pink little birdie 12:39 pm 16 Jun 15

I usually pay around 80 for cut and style takes about an hour at various newish places around town.

Dame Canberra 12:11 pm 16 Jun 15

vintage123 said :

Dame Canberra said :

I find this puzzling. I pay around $250 every eight weeks for a cut and colour with a stylist who is just about to finish her apprenticeship. It takes about two hours, so let’s say that works out to $125 per hour. I’m more than happy to pay that amount, as they do a great job and I always have a pleasant experience.

Like most salons, the one I visit is open extended hours and has a pretty regular stream of customers both during the week, on weekends and during late night trading. Even once you take out the cost of hair dye, rent and other expenses, I can’t understand how Canberra’s hairdresser businesses are struggling when it costs around $20 per hour for qualified staff – and less for apprentices.

Are there any hairdressers out there who can offer some insight?

Is it possible the owners of the salon don’t work there yet are being paid a handsome income as owners are entitled to. Most business owners I know are earning hundreds of thousands of dollars and not working on the floor.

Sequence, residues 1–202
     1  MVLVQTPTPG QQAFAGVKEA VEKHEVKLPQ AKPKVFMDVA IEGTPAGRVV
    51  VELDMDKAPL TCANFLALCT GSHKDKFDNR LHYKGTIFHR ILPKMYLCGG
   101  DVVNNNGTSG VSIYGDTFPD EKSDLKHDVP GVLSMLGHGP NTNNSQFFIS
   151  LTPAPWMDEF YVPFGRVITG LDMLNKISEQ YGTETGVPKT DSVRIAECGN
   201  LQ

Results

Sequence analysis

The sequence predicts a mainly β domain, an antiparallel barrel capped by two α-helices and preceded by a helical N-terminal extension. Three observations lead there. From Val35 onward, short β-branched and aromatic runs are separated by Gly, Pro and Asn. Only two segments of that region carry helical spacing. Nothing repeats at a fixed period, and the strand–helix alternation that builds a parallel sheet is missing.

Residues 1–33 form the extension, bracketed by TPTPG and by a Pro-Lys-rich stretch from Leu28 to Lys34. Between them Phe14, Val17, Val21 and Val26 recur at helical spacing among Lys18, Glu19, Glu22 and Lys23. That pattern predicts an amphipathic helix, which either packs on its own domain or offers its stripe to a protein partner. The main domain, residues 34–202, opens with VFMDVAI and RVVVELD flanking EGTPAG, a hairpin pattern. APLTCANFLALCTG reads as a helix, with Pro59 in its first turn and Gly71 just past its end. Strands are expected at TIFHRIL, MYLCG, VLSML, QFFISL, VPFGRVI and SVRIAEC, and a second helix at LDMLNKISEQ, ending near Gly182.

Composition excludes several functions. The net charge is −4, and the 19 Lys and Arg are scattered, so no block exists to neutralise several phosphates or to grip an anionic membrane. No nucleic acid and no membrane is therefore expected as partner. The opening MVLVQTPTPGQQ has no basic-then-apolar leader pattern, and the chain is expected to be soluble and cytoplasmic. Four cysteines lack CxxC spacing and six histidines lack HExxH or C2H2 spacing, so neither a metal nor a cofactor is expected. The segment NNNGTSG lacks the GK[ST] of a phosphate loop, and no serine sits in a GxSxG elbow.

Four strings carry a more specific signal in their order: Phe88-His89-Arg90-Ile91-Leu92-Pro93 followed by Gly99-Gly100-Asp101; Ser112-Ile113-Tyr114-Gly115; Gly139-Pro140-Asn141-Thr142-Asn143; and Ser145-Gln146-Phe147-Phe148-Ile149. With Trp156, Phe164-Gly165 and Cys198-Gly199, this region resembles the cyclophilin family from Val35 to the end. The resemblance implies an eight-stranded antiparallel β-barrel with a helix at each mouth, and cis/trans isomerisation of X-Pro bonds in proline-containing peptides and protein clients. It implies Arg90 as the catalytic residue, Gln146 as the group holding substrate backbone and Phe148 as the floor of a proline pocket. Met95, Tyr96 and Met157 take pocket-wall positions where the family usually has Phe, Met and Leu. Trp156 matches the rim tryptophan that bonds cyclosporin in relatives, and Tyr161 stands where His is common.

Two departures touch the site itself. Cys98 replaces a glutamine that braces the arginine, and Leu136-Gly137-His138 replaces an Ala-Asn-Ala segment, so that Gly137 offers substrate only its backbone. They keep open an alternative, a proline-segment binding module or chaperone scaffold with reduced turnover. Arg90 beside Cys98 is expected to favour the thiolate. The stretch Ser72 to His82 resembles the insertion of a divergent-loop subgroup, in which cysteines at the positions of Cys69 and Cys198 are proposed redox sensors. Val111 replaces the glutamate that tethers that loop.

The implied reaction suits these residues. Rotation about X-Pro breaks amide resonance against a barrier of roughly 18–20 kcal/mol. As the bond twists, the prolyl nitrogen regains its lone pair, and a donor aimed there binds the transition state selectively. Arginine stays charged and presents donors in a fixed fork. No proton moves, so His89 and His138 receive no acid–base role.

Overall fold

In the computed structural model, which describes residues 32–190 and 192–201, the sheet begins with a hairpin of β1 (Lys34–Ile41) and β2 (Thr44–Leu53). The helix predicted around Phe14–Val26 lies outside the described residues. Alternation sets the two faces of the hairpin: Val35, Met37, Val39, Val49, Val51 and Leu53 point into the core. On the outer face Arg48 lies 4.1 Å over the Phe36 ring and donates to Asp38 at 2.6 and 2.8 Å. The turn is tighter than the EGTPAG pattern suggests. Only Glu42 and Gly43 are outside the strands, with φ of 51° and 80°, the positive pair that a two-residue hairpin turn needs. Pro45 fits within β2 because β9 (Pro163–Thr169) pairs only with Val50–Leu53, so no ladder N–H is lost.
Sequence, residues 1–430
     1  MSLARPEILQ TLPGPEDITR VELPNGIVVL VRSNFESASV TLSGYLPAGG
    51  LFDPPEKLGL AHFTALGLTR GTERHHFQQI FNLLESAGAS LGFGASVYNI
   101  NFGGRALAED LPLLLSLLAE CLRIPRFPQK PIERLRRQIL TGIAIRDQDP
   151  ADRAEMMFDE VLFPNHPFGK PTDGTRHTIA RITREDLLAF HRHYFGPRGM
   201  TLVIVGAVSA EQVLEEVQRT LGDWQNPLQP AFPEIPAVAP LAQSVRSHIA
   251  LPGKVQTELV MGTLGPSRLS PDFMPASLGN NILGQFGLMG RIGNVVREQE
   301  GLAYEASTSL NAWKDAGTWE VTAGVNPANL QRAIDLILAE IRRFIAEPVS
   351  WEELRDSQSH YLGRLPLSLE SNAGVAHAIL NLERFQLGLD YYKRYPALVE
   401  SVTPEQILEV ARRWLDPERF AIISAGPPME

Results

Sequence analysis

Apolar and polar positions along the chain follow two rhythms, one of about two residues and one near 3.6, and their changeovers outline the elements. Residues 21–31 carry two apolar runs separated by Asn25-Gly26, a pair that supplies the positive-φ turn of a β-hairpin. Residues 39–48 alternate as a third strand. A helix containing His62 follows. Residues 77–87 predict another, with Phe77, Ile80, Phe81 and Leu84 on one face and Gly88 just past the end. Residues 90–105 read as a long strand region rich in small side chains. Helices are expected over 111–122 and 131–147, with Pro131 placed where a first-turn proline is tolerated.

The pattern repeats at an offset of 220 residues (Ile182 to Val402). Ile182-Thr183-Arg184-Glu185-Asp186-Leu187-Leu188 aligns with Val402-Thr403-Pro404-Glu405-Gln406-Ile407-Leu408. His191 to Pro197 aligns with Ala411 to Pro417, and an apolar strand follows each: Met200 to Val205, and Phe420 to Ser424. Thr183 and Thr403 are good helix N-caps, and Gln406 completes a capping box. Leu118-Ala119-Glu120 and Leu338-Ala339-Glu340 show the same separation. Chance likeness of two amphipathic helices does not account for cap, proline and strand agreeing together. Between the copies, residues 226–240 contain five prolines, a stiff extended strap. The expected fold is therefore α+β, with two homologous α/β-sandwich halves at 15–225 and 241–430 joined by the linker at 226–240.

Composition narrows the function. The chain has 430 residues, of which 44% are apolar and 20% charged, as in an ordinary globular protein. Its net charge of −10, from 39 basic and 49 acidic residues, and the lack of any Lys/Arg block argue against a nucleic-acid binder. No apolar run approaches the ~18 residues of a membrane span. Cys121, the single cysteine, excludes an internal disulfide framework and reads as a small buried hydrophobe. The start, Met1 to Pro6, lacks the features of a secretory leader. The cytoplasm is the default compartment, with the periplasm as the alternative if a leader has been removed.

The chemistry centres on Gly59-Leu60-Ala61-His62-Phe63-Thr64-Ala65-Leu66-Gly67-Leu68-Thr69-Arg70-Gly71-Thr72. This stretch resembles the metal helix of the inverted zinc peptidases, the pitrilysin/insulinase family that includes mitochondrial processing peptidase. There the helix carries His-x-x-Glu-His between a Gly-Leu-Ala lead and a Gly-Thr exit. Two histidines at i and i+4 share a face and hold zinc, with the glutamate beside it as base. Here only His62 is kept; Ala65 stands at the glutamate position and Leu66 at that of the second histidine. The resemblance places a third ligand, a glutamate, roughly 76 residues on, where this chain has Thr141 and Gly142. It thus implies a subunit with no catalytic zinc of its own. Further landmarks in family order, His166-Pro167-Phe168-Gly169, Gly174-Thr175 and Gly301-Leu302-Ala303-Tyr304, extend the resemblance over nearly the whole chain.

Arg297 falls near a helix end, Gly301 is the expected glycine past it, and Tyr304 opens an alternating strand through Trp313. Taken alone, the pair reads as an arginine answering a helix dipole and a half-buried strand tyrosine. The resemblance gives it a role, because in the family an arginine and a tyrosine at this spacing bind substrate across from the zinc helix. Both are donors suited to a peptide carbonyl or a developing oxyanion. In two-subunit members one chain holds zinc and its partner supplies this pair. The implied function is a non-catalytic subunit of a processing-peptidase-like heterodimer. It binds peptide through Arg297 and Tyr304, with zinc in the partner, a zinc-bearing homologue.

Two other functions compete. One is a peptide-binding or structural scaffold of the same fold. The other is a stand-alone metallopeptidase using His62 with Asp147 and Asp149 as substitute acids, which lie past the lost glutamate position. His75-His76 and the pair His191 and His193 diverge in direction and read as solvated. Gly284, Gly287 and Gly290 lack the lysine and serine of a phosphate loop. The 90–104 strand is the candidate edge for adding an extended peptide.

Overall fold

Definitely possible, but if it was true in this instance, why would the businesses say they are struggling, as in the article?

(As an aside, this is what frustrates me about the childcare industry. Parents fork out huge sums and the staff don’t see much of it at all… meanwhile, the owner of the centre makes a killing.)

vintage123 12:02 pm 16 Jun 15

Dame Canberra said :

I find this puzzling. I pay around $250 every eight weeks for a cut and colour with a stylist who is just about to finish her apprenticeship. It takes about two hours, so let’s say that works out to $125 per hour. I’m more than happy to pay that amount, as they do a great job and I always have a pleasant experience.